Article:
(Getty Images)Rick Springfield is a hugger.
In the 15 minutes or so before our interview at Austin, Texas' Four Seasons hotel, he doles them out generously, a man clearly used to making people — mostly women — nervously giddy. He flashes a soap star smile for photos, thanks a longtime fan for voicing her appreciation for his work. Decades have passed since Springfield's days as a teen idol, but it's clear the rocker has a stronger relationship with his fans than he ever did before.
Springfield admits he wasn't always so gracious with his fans — It's not easy to connect with screaming teenagers.
"They wouldn't talk, they were just younger — you couldn't really communicate," Springfield explains of his fans during the '70s and early '80s, when he was pegged as a pretty boy teen idol. "But now they've gotten older and some of them have families, and we kind of talk as adults rather than star to teenage kid, you know."
It's a dynamic explored in depth in the upcoming documentary An Affair of the Heart, which airs on EPIX in May. In the Sylvia Caminer-directed film, a number of die-hard Springfield fans explain how the "Jessie's Girl" singer helped to shape the course of their lives. There's a pair of happily married moms who've traveled thousands of miles to see Rick perform, a woman who took solace in Rick's albums when she was bedridden for months, a teenage musician who credits Springfield with motivating him to learn how to play guitar.
Springfield is thrilled the film deviates from typical rockumentary clichés, calling it "really human." But the movie does touch on intensely personal moments in the singer's life, including his battles with depression and sex addiction, which he detailed in his 2010 memoir Late, Late at Night. "That's what I write about, I write about my life," Springfield says. "I'm not one of those writers who makes up stories about the working man or some other thing, I write about what goes on in my head. There are private things, you know, my family I keep to myself, but I feel like that's really all I have to offer, is who I am."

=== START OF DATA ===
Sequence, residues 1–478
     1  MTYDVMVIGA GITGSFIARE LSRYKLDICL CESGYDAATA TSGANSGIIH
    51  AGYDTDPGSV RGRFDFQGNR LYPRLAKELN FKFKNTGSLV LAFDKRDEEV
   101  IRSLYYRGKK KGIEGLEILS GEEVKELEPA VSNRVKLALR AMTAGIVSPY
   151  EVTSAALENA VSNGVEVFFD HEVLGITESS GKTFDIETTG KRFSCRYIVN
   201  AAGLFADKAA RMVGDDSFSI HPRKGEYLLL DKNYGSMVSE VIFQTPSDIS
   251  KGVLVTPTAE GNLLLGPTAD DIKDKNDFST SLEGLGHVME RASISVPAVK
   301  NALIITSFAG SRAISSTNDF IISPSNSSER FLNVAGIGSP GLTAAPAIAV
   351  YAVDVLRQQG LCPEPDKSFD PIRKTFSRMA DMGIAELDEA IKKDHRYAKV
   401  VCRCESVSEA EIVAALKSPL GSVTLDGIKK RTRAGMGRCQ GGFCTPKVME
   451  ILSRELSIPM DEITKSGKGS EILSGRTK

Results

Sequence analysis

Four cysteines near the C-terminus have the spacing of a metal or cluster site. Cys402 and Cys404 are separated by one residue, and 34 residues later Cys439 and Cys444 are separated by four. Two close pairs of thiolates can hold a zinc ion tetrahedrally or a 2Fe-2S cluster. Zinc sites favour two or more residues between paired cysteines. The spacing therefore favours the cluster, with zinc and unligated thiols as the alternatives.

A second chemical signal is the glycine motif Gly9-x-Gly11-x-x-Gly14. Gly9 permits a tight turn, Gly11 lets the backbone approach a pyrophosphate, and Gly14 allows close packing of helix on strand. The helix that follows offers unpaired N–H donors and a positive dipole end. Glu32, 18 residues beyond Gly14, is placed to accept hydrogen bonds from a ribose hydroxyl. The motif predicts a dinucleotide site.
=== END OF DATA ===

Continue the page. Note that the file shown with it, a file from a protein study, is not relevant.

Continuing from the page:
Not everyone understands Springfield's intense relationship with his fans, of course. One woman admits she thinks her friend's undying admiration for Rick is a little insane. Rick laughs when I mention the scene, and insists he's never weirded out by any of it. "I've been a fan of artists for 40 years, so I get the connection," he says. "I've been around someone that made me incredibly nervous because I think they're so amazing and I'm finally meeting them," adding that he sees himself in his fans, too.
I ask what it's like for his wife of almost 30 years, Barbara, to be married to someone with such an ardent female following. "She's been there from the very beginning and was with me before anything happened, so she's really responsible for a lot of it," Springfield says, adding that the adage about there being a strong woman behind every successful man is indeed true.
"I think things started to turn around for me career-wise when I met her, because being with her gave me a confidence that I'd never had before. I felt very loved by this person that I thought was amazing, and I still do, I still... she's the best person that I've ever known."
Below, check out Rick Springfield's musings on his first musical loves, the pressures of being a pop star, and his parents' reaction to his rock star aspirations.
Zimbio: There's a common refrain in the documentary among your fans, that your album was the first that really spoke to them. What were your first musical loves?
Rick Springfield: Hayley Mills. It was the first record I ever bought, but it wasn't really the music. I just thought she was super hot. I was 12 and she was 13 and I liked older women.
My first was really a band called the Shadows, which was Cliff Richard's band. I lived in England, so they had some hits there. It was an instrumental band, kind of like the Ventures, like surf music only better. They had an amazing guitar player, Hank Marvin, who inspired Clapton and Jimmy Page and Brian May, Ritchie Blackmore — all these great English guitar players that America knows, but they don't know Hank that well. He's still an amazing player, and he inspired all those guys. He was the first real English guitar hero. This is like 1959, 1960. So they were the ones that really opened it up for me. And living in England, discovering music and girls at the same time, was pretty powerful. [laughs]
Which current artists are you into?